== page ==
Last week Gareth Dennis posted this superb and hilarious thread of British PMs as locomotives. It’s very funny, even if (like me) you’re not much of a Brit trainspotter.
A friend asked me to do an Australian version. Initially I said I wasn’t sure if there were enough Australian trains to match the multitude of Australian PMs, but I’ve had a go at it.
So here are some Australian PMs as (mostly Victorian) trains and trams, as a Twitter thread.
Menzies = XPT— Daniel Bowen (@danielbowen) August 29, 2020
Steeped in British influence. In service for way longer than anybody thought possible. pic.twitter.com/g2PAx5ZItY
Whitlam = Melbourne PCC tram 1041— Daniel Bowen (@danielbowen) August 29, 2020
Seen as perhaps too revolutionary when introduced, and only in service for a short time. Controversial, but ultimately influential on those that came after.
(Tram pic from John Ward) pic.twitter.com/kpgTp9xdSq
Fraser = Sydney Tangara— Daniel Bowen (@danielbowen) August 29, 2020
Replaced a shortlived predecessor. Made seat irreversible – previously it used to flip regularly. Seemed to improve with age. Has a long face. pic.twitter.com/m4CYmfU70F
Hawke = Melbourne Hitachi train— Daniel Bowen (@danielbowen) August 29, 2020
Dashing in silver, was around for quite a while. Eventually replaced by a flashier younger successor. Near-universally loved after retirement. pic.twitter.com/pZlFeDyLBq
Keating = Melbourne C-class tram— Daniel Bowen (@danielbowen) August 29, 2020
European-styled exterior seemed impressive at first glance, and certainly had smarts not seen in earlier models, but didn't have much of a run before crashing into things and derailing. pic.twitter.com/XMv6QacdRb
Rudd/Gillard/Rudd = Lithgow Zig Zag Railway— Daniel Bowen (@danielbowen) August 29, 2020
Back and forth, and impressive to watch in action, but ultimately not actually moving very far at all. pic.twitter.com/ELXt98gGwH
Abbott = Puffing Billy— Daniel Bowen (@danielbowen) August 29, 2020
Clearly a product of 19th century thinking. Some have said "almost too attractive", but moves so slowly that really isn't of very much use to anybody in the 21st century. pic.twitter.com/8lWL64RmYM
Turnbull = Spirit of Progress— Daniel Bowen (@danielbowen) August 29, 2020
Super smooth and streamlined. Seen as having huge potential, but ultimately couldn't go as far as some wished, thanks to affiliation. pic.twitter.com/Msti2XzOib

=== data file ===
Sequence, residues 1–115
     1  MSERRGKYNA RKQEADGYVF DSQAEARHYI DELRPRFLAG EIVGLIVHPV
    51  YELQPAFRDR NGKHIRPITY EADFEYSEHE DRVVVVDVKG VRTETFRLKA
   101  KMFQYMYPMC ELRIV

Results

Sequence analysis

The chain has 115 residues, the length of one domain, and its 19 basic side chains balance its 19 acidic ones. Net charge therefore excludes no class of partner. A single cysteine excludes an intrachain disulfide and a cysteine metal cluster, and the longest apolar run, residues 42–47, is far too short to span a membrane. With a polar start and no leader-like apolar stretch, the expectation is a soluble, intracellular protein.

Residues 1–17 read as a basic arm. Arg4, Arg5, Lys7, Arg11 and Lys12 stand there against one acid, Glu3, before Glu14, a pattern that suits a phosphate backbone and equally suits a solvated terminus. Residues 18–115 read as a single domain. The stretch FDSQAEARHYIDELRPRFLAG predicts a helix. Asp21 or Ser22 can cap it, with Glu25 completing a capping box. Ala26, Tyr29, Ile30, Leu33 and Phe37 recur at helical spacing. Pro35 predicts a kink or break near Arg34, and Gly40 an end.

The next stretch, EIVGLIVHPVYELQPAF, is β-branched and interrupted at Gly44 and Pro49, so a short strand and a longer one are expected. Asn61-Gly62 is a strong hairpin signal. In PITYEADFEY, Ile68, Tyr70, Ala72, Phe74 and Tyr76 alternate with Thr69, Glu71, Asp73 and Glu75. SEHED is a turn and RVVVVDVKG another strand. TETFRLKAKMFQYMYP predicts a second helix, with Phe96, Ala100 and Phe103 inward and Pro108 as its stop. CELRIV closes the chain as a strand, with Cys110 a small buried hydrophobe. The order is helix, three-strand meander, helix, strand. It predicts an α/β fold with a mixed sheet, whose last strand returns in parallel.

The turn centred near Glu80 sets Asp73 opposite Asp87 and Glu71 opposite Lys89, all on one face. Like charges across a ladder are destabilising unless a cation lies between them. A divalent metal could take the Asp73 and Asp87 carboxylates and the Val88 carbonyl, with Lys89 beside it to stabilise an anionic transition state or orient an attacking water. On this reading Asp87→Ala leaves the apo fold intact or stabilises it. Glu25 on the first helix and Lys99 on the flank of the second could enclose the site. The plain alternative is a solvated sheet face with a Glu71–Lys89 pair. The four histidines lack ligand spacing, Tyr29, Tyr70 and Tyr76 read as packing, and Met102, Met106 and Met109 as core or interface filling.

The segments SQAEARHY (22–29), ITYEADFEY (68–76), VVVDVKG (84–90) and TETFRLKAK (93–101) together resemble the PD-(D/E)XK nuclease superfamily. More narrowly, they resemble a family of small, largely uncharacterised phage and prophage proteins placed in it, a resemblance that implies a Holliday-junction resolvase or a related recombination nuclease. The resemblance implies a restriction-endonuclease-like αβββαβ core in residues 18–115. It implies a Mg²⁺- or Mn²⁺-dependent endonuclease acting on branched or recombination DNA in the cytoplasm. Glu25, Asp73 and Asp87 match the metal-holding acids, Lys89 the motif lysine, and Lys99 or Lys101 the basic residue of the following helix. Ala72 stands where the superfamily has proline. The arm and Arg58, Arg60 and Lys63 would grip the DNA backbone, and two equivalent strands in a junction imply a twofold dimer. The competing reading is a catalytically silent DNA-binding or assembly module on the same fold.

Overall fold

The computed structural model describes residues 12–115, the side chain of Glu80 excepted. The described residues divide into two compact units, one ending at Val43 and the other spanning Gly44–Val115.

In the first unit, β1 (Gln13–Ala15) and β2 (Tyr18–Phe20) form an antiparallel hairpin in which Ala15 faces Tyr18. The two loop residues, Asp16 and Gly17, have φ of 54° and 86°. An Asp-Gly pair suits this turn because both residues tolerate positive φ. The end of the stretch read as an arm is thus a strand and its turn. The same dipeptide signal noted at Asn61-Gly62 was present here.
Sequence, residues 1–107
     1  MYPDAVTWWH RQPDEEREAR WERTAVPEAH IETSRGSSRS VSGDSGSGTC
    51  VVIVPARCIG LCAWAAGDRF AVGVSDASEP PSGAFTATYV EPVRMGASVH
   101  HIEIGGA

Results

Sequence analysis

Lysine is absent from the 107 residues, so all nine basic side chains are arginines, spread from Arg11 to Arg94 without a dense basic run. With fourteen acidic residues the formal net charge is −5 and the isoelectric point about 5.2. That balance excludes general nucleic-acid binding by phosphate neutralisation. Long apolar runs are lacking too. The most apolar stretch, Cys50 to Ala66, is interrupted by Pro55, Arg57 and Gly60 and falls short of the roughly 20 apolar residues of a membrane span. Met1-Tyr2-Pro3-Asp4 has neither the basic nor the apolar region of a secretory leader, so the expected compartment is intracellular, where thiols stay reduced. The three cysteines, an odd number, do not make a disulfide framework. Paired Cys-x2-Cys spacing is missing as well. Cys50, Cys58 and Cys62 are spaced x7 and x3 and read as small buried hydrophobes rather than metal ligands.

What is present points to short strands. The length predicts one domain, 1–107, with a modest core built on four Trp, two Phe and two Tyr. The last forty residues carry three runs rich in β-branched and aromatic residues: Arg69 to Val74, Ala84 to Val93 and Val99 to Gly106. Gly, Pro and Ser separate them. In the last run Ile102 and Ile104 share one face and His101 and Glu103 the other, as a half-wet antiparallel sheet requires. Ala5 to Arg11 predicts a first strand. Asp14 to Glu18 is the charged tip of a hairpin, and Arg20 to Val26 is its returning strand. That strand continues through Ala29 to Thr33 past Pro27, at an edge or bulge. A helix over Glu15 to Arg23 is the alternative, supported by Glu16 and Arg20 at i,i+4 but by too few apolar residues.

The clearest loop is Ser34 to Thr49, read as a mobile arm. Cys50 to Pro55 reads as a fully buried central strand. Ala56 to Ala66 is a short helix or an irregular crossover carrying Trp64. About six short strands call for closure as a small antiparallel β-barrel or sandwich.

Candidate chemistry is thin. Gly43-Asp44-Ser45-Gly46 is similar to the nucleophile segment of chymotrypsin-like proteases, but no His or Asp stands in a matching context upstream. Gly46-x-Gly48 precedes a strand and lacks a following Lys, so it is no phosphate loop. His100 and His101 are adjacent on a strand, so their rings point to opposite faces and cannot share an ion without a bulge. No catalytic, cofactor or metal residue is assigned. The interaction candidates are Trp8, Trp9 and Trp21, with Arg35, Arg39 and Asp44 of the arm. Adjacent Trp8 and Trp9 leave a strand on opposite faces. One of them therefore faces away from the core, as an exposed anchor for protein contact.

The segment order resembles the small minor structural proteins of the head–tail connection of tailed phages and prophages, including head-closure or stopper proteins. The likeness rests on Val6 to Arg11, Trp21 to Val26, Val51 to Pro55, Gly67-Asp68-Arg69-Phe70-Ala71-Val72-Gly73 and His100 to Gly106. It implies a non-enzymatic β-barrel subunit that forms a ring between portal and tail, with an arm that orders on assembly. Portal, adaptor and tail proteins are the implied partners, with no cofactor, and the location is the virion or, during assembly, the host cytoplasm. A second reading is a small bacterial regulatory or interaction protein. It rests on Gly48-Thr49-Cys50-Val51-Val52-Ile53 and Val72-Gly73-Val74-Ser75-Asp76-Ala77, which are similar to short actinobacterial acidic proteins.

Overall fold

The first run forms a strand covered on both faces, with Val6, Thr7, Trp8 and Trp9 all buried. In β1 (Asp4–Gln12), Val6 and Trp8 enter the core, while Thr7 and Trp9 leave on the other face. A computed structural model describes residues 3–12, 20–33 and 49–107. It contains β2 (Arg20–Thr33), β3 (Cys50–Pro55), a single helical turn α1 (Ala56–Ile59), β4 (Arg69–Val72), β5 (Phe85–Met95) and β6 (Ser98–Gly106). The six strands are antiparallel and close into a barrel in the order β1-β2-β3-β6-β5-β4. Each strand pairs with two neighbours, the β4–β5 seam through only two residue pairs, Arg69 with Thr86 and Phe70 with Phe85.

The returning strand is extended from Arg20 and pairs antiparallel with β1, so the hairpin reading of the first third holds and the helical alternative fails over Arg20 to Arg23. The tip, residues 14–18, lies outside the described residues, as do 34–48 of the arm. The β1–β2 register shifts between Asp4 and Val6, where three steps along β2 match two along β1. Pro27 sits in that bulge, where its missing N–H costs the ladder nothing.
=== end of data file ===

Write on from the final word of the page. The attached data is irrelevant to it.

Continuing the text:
Morrison = Victorian Railways H-class loco— Daniel Bowen (@danielbowen) August 29, 2020
A relatively recent arrival, yet traditional values sometimes seem like a throwback to the past. Has a deep love of coal. pic.twitter.com/3ydc9IdMbP
I’ve got a few gaps in here, and I’m sure someone else can do better.
The good people of Twitter are coming to the rescue with some great suggestions. I’ll add a few to this post in a day or two.
8 replies on “PMs as trains and trams”
I love it. Grinning. You did terrifically well and the Twitter additions are good too. Is there are political equivalent of a B Class tram. Solid, dependable, smooth, cool in a crisis, warm when the need is there and long lasting……I’ll sleep on that one.
Andrew: Not in our lifetime, the Z3/A/B class trams are just too reliable!
Keeping with the topic, John Howard might have passed as the W2 class tram just for his longevity. And just like the Liberal Party’s main priority being to maintain the status quo, the vast majority of W2s maintained their 1920s status quo of wooden seats and no doors right until their retirement (while W2s eventually ended up with vinyl seats near the end of their life, only a handful of W2s actually gained doors and the SW2 moniker; they were few and far between unlike the later SW5s).
@Heihachi_73, the A-class could be criticised for lacking capacity. Not sure who that matches it up to.
@Anonymous, I think you might have misinterpreted the premise.
John “Black Jack” McEwen – an unplanned bustitution due to unforseen circumstances. Only needed until regular service could be restored.
John Howard – Z1 Class Tram. Came in during the 1970s in very drab colours, and hung around long enough to become very popular. Later seen sporting Green and Gold. Should have been phased out for a newer model but managed to hang on well past its expected service life.
And just because it writes itself – Joh Bjelke-Petersen. A suspiciously low number of seats and a loud screech. Comes with a tropical atmosphere and likely to hang around far longer than rightfully should be expected.
Sorry, Joh Bljelke-Petersen is a D Class Tram. Not quite sure how I left that crucial bit of info out.
@Rob, I read your description and thought “I think he means a D class tram”! Amused that I was correct!
Surely Harold Holt is a Harris train set. A long delayed successor, which ultimately sank without a trace.